How Many Times Do I Need to Hear This? What About You? The Paradox of Life!
Devotional Thought of the Day
5 Think of yourselves the way Christ Jesus thought of himself. 6 He had equal status with God but didn’t think so much of himself that he had to cling to the advantages of that status no matter what. 7 Not at all. When the time came, he set aside the privileges of deity and took on the status of a slave, became human! 8 Having become human, he stayed human. It was an incredibly humbling process. He didn’t claim special privileges. Instead, he lived a selfless, obedient life and then died a selfless, obedient death—and the worst kind of death at that: a crucifixion. Philippians 2:5-8 (MSG)
If someone doesn’t care whether they live or die it is hard to threaten them. If our identity lies in whose we are, and not just in who we are, then even the loss of reputation will only be a temporary setback. The need to be someone, to have clout, to command respect, to have prestige or position are the shackles every bit as those of materialism. To been seen as holy, o spiritual mature, someone of depth, having a quiet authority, are these not also ambitions or bolsters of our status?
If we can only reach the true poverty and yielded-ness of not “needing to be” anything (even a humble nothing!) then we will truly be invisible. (1)
For where God’s Word is preached, accepted or believed, and bears fruit, there the blessed holy cross will not be far away. Let nobody think that he will have peace; he must sacrifice all he has on earth—possessions, honor, house and home, wife and children, body and life.
Now, this grieves our flesh and the old Adam, for it means that we must remain steadfast, suffer patiently whatever befalls us, and let go whatever is taken from us. (2)
Nietzsche once said he could not abide Saint Augustine—he seemed too plebeian and common. There is some justification for Nietzsche’s attitude, but it is precisely in these qualities that we discover Saint Augustine’s true Christian greatness. He could have been an aristocrat of the spirit, but for the sake of Christ and for the sake of his fellow men, in whom he saw Christ coming toward him, he left the ivory tower of the gifted intellectual in order to be wholly man among men, a servant of the servants of God. For the sake of Christ he emptied himself of his great learning. For the sake of Christ he became increasingly an ordinary person and the servant of all. In doing so he became truly a saint. For Christian holiness does not consist in being superhuman and in having an extraordinary talent or greatness that others do not have. Christian holiness is simply the obedience that puts us at God’s disposal wherever he calls us. (3)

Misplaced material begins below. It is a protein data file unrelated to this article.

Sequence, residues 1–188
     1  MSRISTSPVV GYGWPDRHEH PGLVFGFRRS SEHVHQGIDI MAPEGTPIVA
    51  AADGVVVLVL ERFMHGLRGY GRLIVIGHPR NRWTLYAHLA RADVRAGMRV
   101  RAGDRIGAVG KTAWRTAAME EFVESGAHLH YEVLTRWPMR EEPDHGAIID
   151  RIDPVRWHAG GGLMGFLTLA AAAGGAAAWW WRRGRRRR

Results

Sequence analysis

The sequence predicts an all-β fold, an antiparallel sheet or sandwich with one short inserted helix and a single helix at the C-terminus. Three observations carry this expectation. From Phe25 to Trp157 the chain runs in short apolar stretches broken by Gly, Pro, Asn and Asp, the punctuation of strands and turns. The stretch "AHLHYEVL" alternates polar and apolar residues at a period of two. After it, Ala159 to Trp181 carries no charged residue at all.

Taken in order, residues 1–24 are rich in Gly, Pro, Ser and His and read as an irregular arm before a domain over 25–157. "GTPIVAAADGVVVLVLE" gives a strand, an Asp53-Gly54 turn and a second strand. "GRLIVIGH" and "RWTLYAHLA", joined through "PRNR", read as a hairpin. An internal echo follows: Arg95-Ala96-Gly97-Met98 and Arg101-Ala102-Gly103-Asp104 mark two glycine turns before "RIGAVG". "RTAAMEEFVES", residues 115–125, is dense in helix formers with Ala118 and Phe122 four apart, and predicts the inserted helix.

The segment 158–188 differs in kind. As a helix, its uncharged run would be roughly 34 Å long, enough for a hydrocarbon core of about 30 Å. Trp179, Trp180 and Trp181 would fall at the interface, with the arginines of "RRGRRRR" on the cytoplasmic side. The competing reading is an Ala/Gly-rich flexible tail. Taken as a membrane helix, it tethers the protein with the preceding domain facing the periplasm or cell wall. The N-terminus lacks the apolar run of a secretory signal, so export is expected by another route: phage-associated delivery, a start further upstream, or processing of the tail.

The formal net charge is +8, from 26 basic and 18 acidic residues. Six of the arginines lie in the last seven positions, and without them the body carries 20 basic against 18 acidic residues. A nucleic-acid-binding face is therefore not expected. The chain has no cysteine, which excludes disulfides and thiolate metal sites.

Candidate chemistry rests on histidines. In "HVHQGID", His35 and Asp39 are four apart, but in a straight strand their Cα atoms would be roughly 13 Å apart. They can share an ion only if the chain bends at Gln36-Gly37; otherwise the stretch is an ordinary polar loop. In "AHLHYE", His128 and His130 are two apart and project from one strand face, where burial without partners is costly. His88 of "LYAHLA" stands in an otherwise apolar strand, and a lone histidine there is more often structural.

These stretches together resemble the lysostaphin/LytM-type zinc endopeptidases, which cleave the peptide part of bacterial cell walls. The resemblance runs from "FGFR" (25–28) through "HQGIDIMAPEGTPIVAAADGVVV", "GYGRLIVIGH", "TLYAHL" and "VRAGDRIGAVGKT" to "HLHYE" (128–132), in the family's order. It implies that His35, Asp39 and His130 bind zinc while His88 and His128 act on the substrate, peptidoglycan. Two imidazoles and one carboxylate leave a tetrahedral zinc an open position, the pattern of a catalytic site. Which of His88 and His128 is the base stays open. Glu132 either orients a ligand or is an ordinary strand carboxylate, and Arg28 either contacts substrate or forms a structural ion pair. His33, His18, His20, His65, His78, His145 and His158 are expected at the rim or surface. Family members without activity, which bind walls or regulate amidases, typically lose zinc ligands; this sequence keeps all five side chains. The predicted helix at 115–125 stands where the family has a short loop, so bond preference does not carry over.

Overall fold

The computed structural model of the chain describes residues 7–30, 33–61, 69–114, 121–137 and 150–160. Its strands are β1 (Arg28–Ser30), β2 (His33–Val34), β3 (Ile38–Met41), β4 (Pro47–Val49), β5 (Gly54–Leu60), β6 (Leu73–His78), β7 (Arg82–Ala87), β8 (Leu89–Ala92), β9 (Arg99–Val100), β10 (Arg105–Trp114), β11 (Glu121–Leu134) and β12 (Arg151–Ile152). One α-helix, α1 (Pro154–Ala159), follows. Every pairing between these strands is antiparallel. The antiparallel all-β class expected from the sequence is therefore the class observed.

I could have included a passage or 2 from St. Josemaria that were part of my devotions over the last few days. More passages where Jesus laid into the disciples the concept of sacrifice, where setting aside your life is the way to fulfill it. That anyone who set aside everything will find far more. This even as Jesus mourned as the rich young man couldn’t leave all behind. The words of Paul are encouraging us to imitate Paul where He imitated Jesus. The words of Stephen as boulders crashed upon Him, giving up even his “right” to revenge, that those who tortured them would be healed, that they would receive mercy, that they would rejoice in the love of the God whom they killed.
All those passages and the ones above coalesced this morning into one message.
It is the paradox of following Christ, to abandon to receive everything. It is why we are drawn to Christ, to see our Father’s Kingdom come, His will be done – for the world to come to repentance, to be transformed, to be cleansed, to be filled.
As we are emptied, even as Christ emptied himself, there is freedom and peace. Assured that nothing can separate us from God, we are free to love, to be merciful, to share a blessing that is so far beyond anything we know, anything we used to value, including ourselves. We get to share a blessing that is more than anything that could cause us anxiety, fear, or disturb our peace. We are emptied of all that…
It is simplicity that doesn’t even recognize itself, as we cling to Jesus and know we are His.
It is then the Holy Spirit is free to minister through us, guiding us, helping us love. This is so subtly done we don’t realize it, for we are at peace…even if it costs us our physical lives like Stephen, Paul and Jesus. Or, as living sacrifices where we live trusting and depending on God.
This is our paradox… not to think about as much as embrace. It is our life in Christ.
Celtic Daily Prayer, Devotion for 8/29
Tappert, T. G. (Ed.). (1959). The Large Catechism from The Book of Concord the confessions of the Evangelical Lutheran Church. (p. 429). Philadelphia: Mühlenberg Press.
Ratzinger, J. (1992). Co-Workers of the Truth: Meditations for Every Day of the Year. (M. F. McCarthy & L. Krauth, Trans., I. Grassl, Ed.) (p. 274). San Francisco: Ignatius Press.
Posted on August 29, 2015, in Augsburg and Trent, Poiema, Theology in Practice and tagged Abiding in Christ, apostolate, baptism, brokenness, Celtic Daily Prayer, cHesed, Martin Luther, Pope Benedict, practicing the presence of God. Bookmark the permalink. Leave a comment.